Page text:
5 Myths Busted About Rural Tourism
Today, village tourism is under-marketed and often masked behind the fancy urban travel. Even our Government is trying to alleviate rural tourism through advertising, from time to time. Now, I’d like to bust some of the common misconceptions here, that make us give a second thought before planning a suburban tour.
Rural tourism has not thrived that popularly
Yes, it’s not entirely a misconception. But, anything or culture is only publicised by the people. We are actually responsible for hyping anything and everything in today’s world. I’m not against modernisation and development, but while moving all forward we haven’t realised the fact that we are leaving behind a big segment. In the wake of having lost association with our foundations, we are neither completely western nor Indian. Mahatma Gandhi once said – “The future of India lies in its villages”. So, Rural Tourism is just the perfect balance between urbanization and suburban way of life.
Why pay for something that’s not worth the price?
The greater part of the Rural populace is being prepared under the western instruction framework on learning PCs and English and moving to urban areas because of which the urban areas are overburdened and towns are getting unfilled. The travel industry in rural areas isn’t any different in relation to some other type of travel industry where you pay. The main distinction is, your cash goes straightforwardly to a nearby family and prompt network. A dependable network-based the travel industry activity will consistently give innovative chances to local people to stop the movement to urban communities. As a result, many art forms, languages, music, dances, and cultures are preserved. Rural tourism has the power to make these aspects an asset rather than a burden.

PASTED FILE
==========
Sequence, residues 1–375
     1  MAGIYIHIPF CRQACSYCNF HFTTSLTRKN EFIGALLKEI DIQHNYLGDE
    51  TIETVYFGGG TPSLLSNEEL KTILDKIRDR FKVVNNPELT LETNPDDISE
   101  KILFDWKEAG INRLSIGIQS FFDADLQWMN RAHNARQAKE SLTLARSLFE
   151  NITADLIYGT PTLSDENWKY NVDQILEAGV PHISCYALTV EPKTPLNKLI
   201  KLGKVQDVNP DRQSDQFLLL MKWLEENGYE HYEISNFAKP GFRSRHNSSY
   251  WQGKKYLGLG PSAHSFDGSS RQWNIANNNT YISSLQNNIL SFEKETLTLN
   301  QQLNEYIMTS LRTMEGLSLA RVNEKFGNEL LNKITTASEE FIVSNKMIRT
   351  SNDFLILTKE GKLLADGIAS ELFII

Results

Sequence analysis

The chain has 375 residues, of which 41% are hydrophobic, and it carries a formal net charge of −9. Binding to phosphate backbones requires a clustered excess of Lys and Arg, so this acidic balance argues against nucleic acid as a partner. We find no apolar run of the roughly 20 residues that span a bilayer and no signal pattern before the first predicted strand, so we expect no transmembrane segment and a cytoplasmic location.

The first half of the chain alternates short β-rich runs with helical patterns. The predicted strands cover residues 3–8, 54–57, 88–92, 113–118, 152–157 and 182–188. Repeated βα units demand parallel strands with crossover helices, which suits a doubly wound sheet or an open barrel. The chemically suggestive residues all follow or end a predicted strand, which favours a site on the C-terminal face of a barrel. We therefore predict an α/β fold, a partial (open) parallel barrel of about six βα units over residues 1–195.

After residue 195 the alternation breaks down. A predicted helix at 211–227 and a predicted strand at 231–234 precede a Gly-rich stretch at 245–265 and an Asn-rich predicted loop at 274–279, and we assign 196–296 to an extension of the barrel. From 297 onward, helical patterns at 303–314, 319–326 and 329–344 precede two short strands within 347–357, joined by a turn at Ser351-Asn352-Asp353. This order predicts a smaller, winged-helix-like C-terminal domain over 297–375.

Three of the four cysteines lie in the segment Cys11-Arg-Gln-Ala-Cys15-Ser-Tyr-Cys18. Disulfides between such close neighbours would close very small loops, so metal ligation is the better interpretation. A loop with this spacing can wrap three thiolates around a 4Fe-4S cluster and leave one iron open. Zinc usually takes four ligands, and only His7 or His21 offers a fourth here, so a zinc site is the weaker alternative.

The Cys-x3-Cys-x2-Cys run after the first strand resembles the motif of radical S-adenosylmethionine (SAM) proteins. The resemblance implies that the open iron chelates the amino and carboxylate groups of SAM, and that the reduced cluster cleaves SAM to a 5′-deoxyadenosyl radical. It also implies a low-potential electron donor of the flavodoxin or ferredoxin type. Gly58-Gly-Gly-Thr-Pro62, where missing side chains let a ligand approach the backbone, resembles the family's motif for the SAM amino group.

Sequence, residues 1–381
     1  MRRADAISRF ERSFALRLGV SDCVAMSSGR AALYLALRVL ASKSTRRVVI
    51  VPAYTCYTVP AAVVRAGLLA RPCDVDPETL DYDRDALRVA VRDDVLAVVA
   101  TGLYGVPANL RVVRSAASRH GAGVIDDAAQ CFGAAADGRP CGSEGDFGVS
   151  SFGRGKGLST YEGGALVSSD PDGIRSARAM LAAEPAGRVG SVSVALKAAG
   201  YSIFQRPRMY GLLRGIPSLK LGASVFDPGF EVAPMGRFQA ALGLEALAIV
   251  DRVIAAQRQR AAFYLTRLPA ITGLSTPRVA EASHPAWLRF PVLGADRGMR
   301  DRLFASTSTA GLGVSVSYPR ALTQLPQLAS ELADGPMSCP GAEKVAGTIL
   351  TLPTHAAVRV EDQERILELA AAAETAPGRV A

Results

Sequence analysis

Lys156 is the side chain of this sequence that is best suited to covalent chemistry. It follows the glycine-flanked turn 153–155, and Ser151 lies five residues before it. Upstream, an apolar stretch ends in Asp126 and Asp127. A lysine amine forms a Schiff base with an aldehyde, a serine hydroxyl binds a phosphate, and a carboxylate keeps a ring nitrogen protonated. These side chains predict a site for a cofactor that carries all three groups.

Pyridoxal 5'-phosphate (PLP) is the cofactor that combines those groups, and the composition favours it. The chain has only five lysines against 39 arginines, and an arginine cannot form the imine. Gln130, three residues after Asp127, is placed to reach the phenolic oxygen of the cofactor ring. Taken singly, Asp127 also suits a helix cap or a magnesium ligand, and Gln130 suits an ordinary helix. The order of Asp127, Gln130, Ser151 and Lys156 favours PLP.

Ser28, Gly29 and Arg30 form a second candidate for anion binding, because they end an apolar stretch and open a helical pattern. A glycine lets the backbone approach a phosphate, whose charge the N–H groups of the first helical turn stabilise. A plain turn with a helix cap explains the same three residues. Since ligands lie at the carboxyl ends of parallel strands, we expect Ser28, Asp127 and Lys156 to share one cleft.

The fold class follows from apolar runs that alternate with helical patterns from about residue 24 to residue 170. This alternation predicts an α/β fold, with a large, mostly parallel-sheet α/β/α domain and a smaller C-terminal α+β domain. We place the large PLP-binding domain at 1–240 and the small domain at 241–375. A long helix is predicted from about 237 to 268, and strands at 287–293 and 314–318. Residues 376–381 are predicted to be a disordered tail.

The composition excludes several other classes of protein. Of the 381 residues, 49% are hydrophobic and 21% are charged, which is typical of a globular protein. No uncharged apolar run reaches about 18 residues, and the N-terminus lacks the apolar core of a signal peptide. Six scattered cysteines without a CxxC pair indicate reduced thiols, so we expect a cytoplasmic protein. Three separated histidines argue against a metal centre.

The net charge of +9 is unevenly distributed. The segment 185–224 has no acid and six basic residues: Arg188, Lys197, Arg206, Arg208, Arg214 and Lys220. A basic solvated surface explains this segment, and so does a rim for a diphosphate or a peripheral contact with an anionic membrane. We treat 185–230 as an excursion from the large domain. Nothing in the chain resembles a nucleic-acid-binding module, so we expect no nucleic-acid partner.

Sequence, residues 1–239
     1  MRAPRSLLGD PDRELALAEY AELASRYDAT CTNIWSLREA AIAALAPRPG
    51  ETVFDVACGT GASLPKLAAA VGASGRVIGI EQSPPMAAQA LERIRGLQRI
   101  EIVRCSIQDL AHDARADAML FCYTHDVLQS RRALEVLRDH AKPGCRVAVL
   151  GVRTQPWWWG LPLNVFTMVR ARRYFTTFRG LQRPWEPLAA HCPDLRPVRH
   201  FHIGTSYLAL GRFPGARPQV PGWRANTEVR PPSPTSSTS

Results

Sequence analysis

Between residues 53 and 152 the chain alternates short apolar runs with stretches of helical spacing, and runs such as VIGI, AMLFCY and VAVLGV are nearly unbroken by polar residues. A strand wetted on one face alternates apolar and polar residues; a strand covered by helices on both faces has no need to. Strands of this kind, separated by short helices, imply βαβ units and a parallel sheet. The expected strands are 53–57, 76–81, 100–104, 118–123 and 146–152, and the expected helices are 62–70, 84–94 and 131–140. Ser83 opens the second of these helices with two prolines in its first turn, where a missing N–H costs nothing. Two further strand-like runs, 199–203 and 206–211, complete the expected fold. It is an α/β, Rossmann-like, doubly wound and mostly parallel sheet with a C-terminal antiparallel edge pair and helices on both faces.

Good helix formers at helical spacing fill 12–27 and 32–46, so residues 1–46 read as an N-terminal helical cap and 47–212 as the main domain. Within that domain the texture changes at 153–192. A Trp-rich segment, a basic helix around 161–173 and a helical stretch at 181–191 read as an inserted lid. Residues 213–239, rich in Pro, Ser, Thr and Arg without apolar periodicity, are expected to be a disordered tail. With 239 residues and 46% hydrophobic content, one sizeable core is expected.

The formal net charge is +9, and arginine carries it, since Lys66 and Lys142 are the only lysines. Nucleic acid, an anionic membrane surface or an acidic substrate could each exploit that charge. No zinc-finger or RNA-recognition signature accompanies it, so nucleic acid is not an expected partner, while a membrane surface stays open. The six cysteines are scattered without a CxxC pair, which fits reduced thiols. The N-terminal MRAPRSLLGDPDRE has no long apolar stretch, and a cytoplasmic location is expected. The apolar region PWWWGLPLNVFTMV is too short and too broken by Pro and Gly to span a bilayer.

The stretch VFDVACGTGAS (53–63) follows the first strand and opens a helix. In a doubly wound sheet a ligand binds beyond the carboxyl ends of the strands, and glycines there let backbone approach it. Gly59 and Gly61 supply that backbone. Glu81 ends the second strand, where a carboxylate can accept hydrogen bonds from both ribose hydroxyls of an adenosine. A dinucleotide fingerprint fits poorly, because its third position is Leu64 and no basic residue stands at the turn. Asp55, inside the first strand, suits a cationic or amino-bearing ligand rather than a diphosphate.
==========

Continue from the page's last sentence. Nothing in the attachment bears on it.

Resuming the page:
Rural Tourism means inconvenience
This is one of the most heard misbeliefs of travellers. I must break this down for you. No, village tourism does not always mean drawing water from wells or sleeping in some shabby room, on the floor. It is much more than this. Village tourism can be very comfortable and inexpensive too. You can ask your guide or even try talking directly to the locals. These people are really quite hospitable and cooperative.
Rural Tourism is not safe
Well, honestly I don’t really think that the chances of getting mugged would be zero in cities. I have found rural areas safer than in the cities. I was brought up uptown and so, I can clearly see the difference in safety, hospitality, warmth and a sense of community in a city and in a village. There have been solo female travellers, couples, children and families who have felt safer in villages.
The food and water are not so hygienic
Nowadays we are putting water purifiers in our homes and relying upon mineral water on the grounds. We already know the number of pollutants we consume on a daily basis by consuming chemically treated foods. The air we take in urban areas is harmful to such an extent that numerous types of fowls that once flourished have now either relocated or got terminated. Kids become sick even when they go out to play outside. Then again, I have seen 60-year-elderly people climb a mountain day by day and still figure out how to remain fit with no medication. I have had the absolute best organic food in towns cooked in natively constructed flavours and butter. I have drunk water from streams and cascades and have never become sick. Furthermore, I have played in the mud and I was just alright, if not healthier.